Hence, Greenberg advocates the quality of a modernist painting as being circumscribed by two parameters: the condition of flatness and the illusion of a strictly pictorial and optical third dimension. Greenberg’s positing of this type of illusion probably was meant to answer the patently anti-illusionistic works that Frank Stella produced, to instantaneous acclaim, beginning in 1959. However, Greenberg’s neo-illusionism literally runs against his own 1944 essay, “Abstract Art,” where he affirms that “. . . The deeper meaning of [painting's transformation] is that in a period in which illusions of every kind are being destroyed the illusionists methods of painting should also be renounced. . . .” (Ibid., vol. 1, p. 203).
Such conceptual conflagration would have been less annoying (although not entirely resolved) had Greenberg avoided the notion of illusionism altogether and instead called forth what we understand as “plastic effect.” The plastic effect that Greenberg had in mind––at the cost of naturalism and for the sake of abstraction–– is what he calls “the heightened sensitivity of the picture plane.” As a consequence of the identification of the picture plane with the work’s surface, the heightened sensitivity of this surface is not compatible with the plastic effects of naturalist painting. In a certain way, the attention focused on the surface’s flatness may distract us from the represented image. However, even granting the antithesis of surface and image, if we did not assimilate the picture plane to the physical surface of the work, we would not be compelled to derive from it the antithesis of picture plane and image, nor, therefore, the condemnation of naturalism. In fact, my intention goes beyond negating the Greenbergian identification of plane and surface: I mean to suggest that picture plane and image are mutually dependent, that there is no picture plane without image, and that a fittingly reformulated pictorial scheme would not have to reduce painting’s capabilities––as Greenbergian modernism did––but would allow room for painting’s creative development even as it paid heed to formal strictures.
In order to untie the pictorial plane from the picture’s surface, we must begin by undoing the argument that assimilates one to the other. The Greenbergian notion of flatness is built upon the idea, spelled out in “Abstract Art,” that our visual experience has “an essential bidimensionality”, a trait that must be ingrained in a painting in order for it to remain faithful to visual experience. The argument may be attacked from different flanks, the most effective being reductio ad absurdum: If visual experience were essentially bidimensional, anything we would paint on a canvas would also be perceived as essentially bidimensional without regard to its degree of naturalism—it would be just as essentially bidimensional as the rest of our extrapictorial visual perceptions. An epistemology that held what we “really see” are color patterns bidimensionally projected on the retina would immediately cancel the notion of picture surface. Our perception of surfaces in general would be mistaken, as well as any notion of picture plane: we would find no justification for supposing a plane beyond the retinal plane.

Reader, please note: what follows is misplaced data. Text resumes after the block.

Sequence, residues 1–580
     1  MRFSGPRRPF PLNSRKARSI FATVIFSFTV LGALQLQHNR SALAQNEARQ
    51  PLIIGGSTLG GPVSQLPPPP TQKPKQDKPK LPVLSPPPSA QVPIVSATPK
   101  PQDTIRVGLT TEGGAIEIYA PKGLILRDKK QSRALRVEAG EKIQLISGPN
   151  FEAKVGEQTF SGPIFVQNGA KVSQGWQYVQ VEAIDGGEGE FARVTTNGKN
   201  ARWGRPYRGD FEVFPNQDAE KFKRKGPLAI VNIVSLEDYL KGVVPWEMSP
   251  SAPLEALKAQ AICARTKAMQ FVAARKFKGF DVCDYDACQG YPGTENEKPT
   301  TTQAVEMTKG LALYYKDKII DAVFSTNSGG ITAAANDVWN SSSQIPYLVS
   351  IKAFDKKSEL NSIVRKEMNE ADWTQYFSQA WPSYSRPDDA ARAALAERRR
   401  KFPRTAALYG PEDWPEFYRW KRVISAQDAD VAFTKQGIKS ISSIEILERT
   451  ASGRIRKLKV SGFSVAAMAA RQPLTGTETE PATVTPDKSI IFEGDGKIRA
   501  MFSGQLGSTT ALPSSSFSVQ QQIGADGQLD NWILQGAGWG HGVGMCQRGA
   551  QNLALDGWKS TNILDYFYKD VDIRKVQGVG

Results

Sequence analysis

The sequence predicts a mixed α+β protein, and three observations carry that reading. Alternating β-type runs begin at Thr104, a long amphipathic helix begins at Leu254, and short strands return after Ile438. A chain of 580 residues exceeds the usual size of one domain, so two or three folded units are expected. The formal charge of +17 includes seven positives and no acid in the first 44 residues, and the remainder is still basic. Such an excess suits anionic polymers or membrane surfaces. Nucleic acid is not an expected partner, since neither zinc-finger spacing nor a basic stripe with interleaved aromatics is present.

We could recall Descartes’s anatomical studies in his Optics, Kant’s categories as applied to perception, or even G. E. Moore’s Defense of Common Sense in order to affirm that our visual experience is intrinsically three-dimensional, that we can plainly see the surfaces of objects, and that among those objects, that occupy an extension of space and possess density, there exists a class we call “paintings.” No one in his/her right mind can deny our ability to see the surfaces of paintings. What would be senseless, on the other hand, is to think that surfaces could be perceived bidimensionally. Indeed, in order to figure out what the act of “perceiving bidimensionally” would amount to, let us imagine some being inhabiting a flat, bidimensional universe. If that being were able to perceive visually in some sense, it would perceive successions of points on a horizon with no amplitude, and in such a case it would be rather far-fetched to speak of spatial perception. Our own perception of such a bidimensional environment seen from the vantage of our three-dimensional one could be immanent, like the idea we have of God’s immanence in our space. But just as God, in his immanence, does not perceive at a distance (for He sees it all at once), neither would we humans perceive bidimensionally a bidimensional universe. This is not to say that we cannot conceive of the notion of bidimensionality: it is precisely what we do when thinking of the picture plane as a conceptualized projection of a bidimensionality that is suggested by the painting’s surface but not embodied by it. The picture plane is not physical but it wholly enters within the representational domain. Hence, the perception of a painting simultaneously implies perceiving a real three-dimensionality that sustains the existence of a pictorial object as well as an imagined bidimensionality that allows for the perception of pictorial representation.